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Holidays and Festivals of Uzbekistan

As a rule, every country has its major national holiday. More often than not this is Independence Day. In the past most of today's independent states - including the USA - were colonies, dominions, protectorates, or mandated territories. In other words, they were dependencies. So, many peoples in Asia, Africa and America were engaged in achieving their ultimate goal of liberty and independence.

Independence Day is the major and the most revered holiday in Uzbekistan. The country gained independence on August 31, 1991. This year the date has been celebrated for the fourteenth time. On Independence Day outdoor fetes and gala concerts take place in all cities, towns and villages of Uzbekistan. The main show is held on the huge stage of the Alisher Navoiy National Park in Tashkent. Uzbekistan Independence DayFollowing the president's complimentary speech addressed to the nation, there begins a grand-scale dramatic performance given by the country's best actors, singers and dancers. The night sky is illuminated with a multi-colored fireworks display. It has also become a tradition to hold a folklore festival in one of Tashkent's parks on Independence Day. During this festival ethnic cultural centers of Tashkent present folk songs, dances, arts, crafts, and cuisines of over 130 ethnic groups who live in Uzbekistan in peace and accord. After gaining independence, the residents of Uzbekistan could enjoy their civil rights only after the Constitution had been adopted. It was such an important political event for Uzbek people that in 1992 the date of December 8th was proclaimed as Constitution Day, a yearly national holiday.

The calendar of the national holidays of Uzbekistan also has Commemoration Day which is celebrated on May 9th. On this day all those Uzbekistan citizens who gave their lives for the freedom of their motherland, who bravely fought in the World War II, who selflessly worked in the home front for the sake of the victory over the fascist Germany, are commemorated. March 8th is celebrated as International Women's Day in Uzbekistan. On this day men of all ages and status show their love and respect to women, give them flowers and presents. October 1st is celebrated as the national Teacher's Day.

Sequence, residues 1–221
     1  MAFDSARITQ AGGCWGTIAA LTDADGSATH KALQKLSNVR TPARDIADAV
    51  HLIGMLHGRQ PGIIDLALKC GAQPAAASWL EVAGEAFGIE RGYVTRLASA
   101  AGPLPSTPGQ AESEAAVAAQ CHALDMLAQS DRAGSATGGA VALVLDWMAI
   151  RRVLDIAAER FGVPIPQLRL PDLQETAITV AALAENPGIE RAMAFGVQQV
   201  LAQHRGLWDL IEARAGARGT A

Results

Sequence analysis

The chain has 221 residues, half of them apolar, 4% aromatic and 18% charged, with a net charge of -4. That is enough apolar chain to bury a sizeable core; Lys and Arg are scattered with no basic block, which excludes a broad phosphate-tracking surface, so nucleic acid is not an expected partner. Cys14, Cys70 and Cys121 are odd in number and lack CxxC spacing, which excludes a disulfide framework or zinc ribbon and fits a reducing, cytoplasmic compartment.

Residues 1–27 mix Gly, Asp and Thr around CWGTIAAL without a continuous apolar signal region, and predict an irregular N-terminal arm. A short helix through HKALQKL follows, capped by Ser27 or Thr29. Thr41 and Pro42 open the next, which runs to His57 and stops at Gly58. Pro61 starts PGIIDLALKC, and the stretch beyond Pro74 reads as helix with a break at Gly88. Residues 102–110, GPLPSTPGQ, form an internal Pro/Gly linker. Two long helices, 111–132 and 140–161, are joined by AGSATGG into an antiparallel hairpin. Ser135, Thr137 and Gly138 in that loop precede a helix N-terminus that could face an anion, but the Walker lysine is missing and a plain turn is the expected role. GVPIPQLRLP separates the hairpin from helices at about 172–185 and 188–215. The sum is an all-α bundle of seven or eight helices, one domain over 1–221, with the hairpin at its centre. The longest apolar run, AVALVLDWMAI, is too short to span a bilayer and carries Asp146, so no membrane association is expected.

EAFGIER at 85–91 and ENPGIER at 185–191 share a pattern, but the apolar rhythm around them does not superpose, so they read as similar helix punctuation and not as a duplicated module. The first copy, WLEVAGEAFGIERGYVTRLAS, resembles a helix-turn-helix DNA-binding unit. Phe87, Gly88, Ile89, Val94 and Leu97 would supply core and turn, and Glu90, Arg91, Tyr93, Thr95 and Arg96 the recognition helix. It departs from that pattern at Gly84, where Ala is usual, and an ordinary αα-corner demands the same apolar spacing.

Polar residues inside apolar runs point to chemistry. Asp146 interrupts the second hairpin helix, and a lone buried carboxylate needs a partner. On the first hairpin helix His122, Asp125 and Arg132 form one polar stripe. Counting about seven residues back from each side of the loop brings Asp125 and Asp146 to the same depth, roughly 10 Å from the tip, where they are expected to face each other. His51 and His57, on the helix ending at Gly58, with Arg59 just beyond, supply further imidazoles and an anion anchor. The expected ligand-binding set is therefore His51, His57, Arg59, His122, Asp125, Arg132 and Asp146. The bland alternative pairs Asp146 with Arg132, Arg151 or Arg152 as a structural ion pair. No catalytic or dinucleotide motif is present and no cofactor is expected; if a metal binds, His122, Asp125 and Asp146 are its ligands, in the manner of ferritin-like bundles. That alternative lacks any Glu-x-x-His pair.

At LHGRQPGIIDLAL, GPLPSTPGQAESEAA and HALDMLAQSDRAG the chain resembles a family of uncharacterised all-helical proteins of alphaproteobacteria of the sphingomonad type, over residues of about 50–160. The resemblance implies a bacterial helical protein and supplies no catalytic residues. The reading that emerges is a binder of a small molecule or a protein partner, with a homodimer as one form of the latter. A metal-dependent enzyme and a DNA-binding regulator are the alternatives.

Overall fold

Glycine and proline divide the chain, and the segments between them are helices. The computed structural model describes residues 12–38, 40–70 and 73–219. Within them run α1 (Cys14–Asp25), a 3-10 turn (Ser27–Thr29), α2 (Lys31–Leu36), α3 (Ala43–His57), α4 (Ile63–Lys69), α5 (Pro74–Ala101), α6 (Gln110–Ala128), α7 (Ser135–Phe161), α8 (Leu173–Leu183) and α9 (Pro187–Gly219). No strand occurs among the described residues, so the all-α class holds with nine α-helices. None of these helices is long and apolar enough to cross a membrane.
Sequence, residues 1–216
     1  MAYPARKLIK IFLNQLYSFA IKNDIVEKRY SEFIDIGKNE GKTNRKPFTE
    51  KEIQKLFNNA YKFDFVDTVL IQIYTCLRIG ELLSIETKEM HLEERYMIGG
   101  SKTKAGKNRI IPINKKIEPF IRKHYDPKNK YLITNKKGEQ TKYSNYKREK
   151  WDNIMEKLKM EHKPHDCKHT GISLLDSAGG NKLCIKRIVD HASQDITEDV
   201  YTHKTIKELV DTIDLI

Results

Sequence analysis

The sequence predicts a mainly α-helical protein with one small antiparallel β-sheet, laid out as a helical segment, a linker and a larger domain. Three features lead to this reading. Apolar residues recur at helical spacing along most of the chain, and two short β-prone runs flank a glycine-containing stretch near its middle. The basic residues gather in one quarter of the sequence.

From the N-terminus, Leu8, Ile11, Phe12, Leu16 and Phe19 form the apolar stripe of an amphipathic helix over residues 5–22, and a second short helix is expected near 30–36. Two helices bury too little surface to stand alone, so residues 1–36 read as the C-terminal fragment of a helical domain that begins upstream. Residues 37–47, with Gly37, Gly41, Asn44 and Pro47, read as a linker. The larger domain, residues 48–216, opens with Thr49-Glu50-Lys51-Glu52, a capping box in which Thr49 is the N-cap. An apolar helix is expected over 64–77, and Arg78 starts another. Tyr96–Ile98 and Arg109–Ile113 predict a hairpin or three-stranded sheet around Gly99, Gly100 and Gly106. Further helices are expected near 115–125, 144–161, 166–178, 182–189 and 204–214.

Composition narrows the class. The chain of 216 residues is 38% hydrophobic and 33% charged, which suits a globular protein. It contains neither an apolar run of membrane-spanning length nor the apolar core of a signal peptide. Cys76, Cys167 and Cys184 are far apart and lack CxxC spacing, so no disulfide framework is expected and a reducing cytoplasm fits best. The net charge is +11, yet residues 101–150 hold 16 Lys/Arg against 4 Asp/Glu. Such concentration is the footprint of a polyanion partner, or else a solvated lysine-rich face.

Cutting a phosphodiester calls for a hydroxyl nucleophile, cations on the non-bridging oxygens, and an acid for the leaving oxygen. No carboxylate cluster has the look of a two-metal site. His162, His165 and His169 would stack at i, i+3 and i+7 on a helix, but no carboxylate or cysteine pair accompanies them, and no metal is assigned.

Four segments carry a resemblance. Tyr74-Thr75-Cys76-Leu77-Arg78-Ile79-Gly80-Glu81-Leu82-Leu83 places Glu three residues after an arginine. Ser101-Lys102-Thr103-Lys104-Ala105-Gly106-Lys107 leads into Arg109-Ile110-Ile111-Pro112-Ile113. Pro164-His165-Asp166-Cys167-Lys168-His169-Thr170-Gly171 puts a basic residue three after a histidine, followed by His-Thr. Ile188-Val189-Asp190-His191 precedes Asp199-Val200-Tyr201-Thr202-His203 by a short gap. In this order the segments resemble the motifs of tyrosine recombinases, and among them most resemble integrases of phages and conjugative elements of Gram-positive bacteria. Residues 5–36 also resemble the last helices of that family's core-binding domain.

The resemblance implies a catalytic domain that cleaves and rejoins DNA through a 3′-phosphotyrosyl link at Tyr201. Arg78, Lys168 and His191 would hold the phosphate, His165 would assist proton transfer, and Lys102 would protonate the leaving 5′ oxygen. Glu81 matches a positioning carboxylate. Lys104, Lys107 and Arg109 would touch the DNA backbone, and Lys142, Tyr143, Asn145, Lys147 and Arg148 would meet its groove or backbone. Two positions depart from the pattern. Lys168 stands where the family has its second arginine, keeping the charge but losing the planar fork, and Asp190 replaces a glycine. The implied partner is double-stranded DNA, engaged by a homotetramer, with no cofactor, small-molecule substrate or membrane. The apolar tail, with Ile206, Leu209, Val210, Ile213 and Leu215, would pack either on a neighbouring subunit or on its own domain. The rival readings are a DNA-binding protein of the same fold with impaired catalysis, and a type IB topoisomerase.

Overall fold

All the peoples consider spring the time of revival, renewal, great expectations and hopes. The spring holiday Navruz is the incarnation of all this. The holiday is celebrated on March 21st, on the day of the vernal equinox. According to the oriental calendar Navruz marks the beginning of the New Year. Navruz began to be celebrated in a very distant past and has always been a pagan, folk holiday, a holiday called for by nature itself - and it remains like this till now. In the independent Uzbekistan Navruz acquired a new connotation: it has become a national holiday. The people of all the ethnic groups living in Uzbekistan celebrate this holiday with great enthusiasm. A few days before Navruz, people usually arrange khashar (voluntary and joint public work), during which they clean and decorate their cities, towns and villages. By the time Navruz begins all the preparations for the feast are completed. Multi-dish and sumptuous meal is the acme of the holiday, which from the earliest times has been made with the hope that the year ahead will be productive and profitable. The main dish of the feast is undoubtedly the ritual sumalyak. The residents of Uzbekistan can have it only once a year, the guests of the country might try it, if ever, once in a lifetime. Sumalyak is made from sprouts of wheat grains, symbolizing eternal life, and wheat flour. It has the consistency of a thick cream and has a pleasant distinctive taste. The dish is given as a treat to the family members, relatives, the beloved ones, guests and neighbors. According to tradition, on Navruz people forgive each other all the offences and make friends with all those they used to bust up. The poor, lonely and sick are paid visits to and are given special care and presents. Navruz is celebrated over the period of one month. The famous literary work "Navruzname", which was supposedly written by Omar Khayam, has the following momentous lines: "The one who celebrates and has fun on the day of Navruz will have a happy life till the next Navruz".